P2P Insurance: Tricky social risks in need of bespoke regulation

     

Peer-to-peer (“P2P”) lending has been gaining pace in banking since Zopa was launched in the UK in 2004.  Lending Club and Funding Circle are some of the other household names for US retail and SME respectively.

It’s no surprise, therefore, that P2P has also emerged as a concept in insurance over recent years.  Friendsurance is arguably the best known European P2P insurance name, with several others recently appearing, for example Hey Guevara, Inspeer and Lemonade.

But to what extent is P2P a homogenous concept across insurance and lending?  In this article, we argue that P2P insurance and P2P lending are similar in name only, and P2P insurance creates some tricky social risks.

First, let’s consider how P2P lending works.  Broadly speaking, an investor deposits a sum of money with the P2P lender.  This sum is then broken up and lent out to borrowers.  Normally any one investor would only have a very small exposure to any one borrower.

There is no single, established model in insurance yet, but the concept is something like this: a number of insureds, perhaps a group of friends, pay into a common pool and that pool covers losses up to a certain amount.  Any losses in excess of the pool are covered by reinsurance-like structures.

In other words, P2P insurance is essentially taking insurance back from being a large, anonymous pool of risk to a modern-day version of Edward Lloyd’s coffee shop, where a small group of people shares risk.

The argument goes that this “personalization” of insurance is good for insureds.  Fraud is reduced, claims frequency is reduced, premiums are reduced.  What’s not to like?

There are two things not to like and both relate to what happens if someone does actually have a legitimate claim.

First of all, the “micro” social risk.  Let us assume that the group self-administers claims.  (If this were not true, then it is difficult to see how different the P2P model would be to the standard model, and any cost advantage would be significantly eroded.)  Who will decide if a claim is valid?  Is there a disincentive for the group to accept a claim?  Are people with a valid claim reluctant to notify it because they are worried about their social relations?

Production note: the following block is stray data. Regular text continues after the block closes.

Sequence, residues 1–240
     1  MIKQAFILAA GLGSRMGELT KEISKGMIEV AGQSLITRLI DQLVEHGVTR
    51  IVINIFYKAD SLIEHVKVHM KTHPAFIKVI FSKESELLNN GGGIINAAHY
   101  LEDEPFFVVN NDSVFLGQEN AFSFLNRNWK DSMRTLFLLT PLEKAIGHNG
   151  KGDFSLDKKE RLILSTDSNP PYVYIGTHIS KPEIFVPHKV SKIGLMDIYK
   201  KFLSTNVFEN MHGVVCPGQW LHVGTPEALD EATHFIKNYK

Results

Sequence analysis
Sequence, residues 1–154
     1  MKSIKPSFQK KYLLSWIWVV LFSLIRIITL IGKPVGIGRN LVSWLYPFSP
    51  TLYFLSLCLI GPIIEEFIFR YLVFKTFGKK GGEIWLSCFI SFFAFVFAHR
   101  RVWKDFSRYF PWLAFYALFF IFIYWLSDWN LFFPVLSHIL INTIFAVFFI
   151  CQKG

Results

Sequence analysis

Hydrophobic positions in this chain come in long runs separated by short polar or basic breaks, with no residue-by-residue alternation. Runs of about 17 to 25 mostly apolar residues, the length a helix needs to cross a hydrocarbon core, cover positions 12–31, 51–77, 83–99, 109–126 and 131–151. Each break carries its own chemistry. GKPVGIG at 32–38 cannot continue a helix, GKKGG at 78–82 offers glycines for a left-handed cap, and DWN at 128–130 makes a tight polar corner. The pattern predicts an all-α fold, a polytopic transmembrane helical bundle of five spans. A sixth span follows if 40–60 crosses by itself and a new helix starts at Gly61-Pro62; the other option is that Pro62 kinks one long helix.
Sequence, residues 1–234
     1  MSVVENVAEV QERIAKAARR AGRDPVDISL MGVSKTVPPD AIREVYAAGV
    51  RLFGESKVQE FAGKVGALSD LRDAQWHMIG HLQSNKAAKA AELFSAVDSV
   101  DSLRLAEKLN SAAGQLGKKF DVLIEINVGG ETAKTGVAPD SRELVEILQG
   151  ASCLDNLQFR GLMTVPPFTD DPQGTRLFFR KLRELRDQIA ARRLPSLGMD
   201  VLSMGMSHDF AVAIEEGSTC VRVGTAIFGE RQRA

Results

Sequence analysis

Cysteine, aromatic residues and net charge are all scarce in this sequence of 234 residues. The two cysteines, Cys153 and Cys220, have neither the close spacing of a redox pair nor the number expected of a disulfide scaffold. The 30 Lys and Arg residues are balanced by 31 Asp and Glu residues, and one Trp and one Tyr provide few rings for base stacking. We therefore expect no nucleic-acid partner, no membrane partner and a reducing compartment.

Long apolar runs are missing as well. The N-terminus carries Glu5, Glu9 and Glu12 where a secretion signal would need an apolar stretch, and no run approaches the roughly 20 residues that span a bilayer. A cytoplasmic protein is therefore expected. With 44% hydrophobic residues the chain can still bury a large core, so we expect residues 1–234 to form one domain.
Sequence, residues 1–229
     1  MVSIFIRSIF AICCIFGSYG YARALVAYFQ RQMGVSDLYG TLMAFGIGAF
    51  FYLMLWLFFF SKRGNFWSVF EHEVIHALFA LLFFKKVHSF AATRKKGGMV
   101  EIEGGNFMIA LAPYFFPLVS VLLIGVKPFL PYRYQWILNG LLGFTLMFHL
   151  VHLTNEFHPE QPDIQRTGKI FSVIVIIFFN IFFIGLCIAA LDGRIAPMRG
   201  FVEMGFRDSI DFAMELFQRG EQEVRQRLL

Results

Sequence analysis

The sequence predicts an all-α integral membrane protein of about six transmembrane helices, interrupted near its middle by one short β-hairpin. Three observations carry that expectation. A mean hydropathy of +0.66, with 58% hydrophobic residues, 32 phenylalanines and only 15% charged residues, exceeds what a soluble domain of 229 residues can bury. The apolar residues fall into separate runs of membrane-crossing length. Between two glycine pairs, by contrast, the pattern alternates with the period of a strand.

There is also a long term financial risk for members of the group.  As the pool is much smaller than that of a traditional insurance company, the long term premium volatility for each member must be much greater, and premiums could, in theory, become higher than those a traditional company could offer.

Second, there is a “macro” social risk.  Let us assume that the risks above are overcome in some way or other and P2P insurance becomes the market standard.  This reduces the amount of risk pooling in society as “good risks” (possibly richer people) extract themselves into private risk pools.  One could even argue that it might fall foul of the EU’s gender-neutral pricing requirements if a group of men pays less than their spouses in another group.  The US equivalent is redlining.  Whilst P2P insurance may be constructed with a way that is compliant with these rules (which were designed, of course, for the traditional insurance model), is this what society wants?

 

In summary, whilst P2P was created as a fairer alternative to the anonymous pool of traditional insurance companies, we see major challenges at both the individual and societal level.  We believe that this is an area that the industry and regulators should work together on early to identify some high level principles and ensure that P2P is a genuine force for good.

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Charlie is an alumnus of Oxbow Partners.

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